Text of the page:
29/02/2020

Saiosh under fire for bogus safety bodies comment

The South African Institute of Occupational Safety and Health, a known affiliate of IOSH UK, has come under fire for referring to voluntary professional safety associations as “bogus” in an attempt to prevent a loss of members.

Since its inception in 2010, when it was first registered as a Closed Corporation, it has garnered support of thousands of OHS practitioners seeking some form of recognition. As time went by, the “part-time” management team were able to fund themselves and moved to a non-profit company. It’s membership grew from strength to strength at is reportedly standing at 14 000 strong.

However, the lack of progress in OHS in Southern Africa, with nothing “new” to report on, and the downward spiraling economy, has forced OHS practitioners to re-evaluate the value of Saiosh membership. While the membership fee is most affordable, the maintenance of Continual professional development point or CPD points has become a very very costly exercise in a time when very few OHS jobs are available to senior and expert level practitioners.

The economy has put a demand on cheaper labour and a shift to entry and junior level practitioners are dominating the job market.

The rise of the under-dogs

Many experienced practitioners have left Saiosh in search of more tangible benefits, like professional marketing, job assistance and referral networks. These needs all led to the formation of various professional societies and associations, which according to Saiosh are “bogus”.

This is an unfair statement coming from an organisation that built its member support on the premise that they are the SA version of IOSH in the UK and originally calling themselves IOSH SA. And while the “big plan” secured at least 40% of its current membership, it all fell apart when IOSH UK did not officially entered into any such agreement.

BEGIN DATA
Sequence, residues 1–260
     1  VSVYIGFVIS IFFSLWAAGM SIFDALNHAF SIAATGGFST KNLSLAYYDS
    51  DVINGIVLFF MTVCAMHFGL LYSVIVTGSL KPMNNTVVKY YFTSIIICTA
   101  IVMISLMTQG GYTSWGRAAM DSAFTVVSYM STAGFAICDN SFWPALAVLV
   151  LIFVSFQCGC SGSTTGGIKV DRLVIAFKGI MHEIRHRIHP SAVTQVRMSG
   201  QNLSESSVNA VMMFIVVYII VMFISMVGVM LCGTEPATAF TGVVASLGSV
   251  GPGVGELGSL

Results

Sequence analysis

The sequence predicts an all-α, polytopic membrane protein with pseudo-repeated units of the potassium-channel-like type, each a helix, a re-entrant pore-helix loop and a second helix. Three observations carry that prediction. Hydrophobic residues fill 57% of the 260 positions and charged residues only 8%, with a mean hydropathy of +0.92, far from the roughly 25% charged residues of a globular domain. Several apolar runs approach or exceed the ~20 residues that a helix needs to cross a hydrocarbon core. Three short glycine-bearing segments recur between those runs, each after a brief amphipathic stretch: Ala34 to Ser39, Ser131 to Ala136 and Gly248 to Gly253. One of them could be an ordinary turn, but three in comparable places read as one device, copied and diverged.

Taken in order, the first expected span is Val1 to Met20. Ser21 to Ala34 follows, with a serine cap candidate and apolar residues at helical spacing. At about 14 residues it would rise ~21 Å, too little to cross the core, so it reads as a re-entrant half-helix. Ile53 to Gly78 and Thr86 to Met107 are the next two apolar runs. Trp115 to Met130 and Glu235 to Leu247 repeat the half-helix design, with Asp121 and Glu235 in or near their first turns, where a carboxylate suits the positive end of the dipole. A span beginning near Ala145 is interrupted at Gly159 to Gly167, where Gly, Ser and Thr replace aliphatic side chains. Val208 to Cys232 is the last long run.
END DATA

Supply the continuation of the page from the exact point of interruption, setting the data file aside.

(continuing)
Just because a professional association does not seek recognition from SAQA, it does not mean they are bogus, as no other professional association in the African content needs to do the same. This blinckered vision of Saiosh, perhaps born out of ignorance, has however sparked a fury that is unlikely to subside and Saiosh can forget about signing MoU’s with any other professional association in Africa. Should they succeed, those who agree will do so purely for financial gain as 14 000 potential buyers of training courses and “endorsed” workshops can be an attractive draw-card.

Why else would IOSH UK, and the other “bogus” bodies who do not need SAQA recognition, with their 40 000 plus global membership, do business with this “legitimate” mickey mouse?

Legal Action considered

A number of professional and voluntary societies are in discussion to initiate a class-action law suit and claim for damages from Saiosh. Some however are of the opinion that it the “bogus” statement were nothing more than a marketing message to a minority group of believers. Not everyone shares the same level of loyalty to Saiosh’s management team.

More on this as the story unfolds.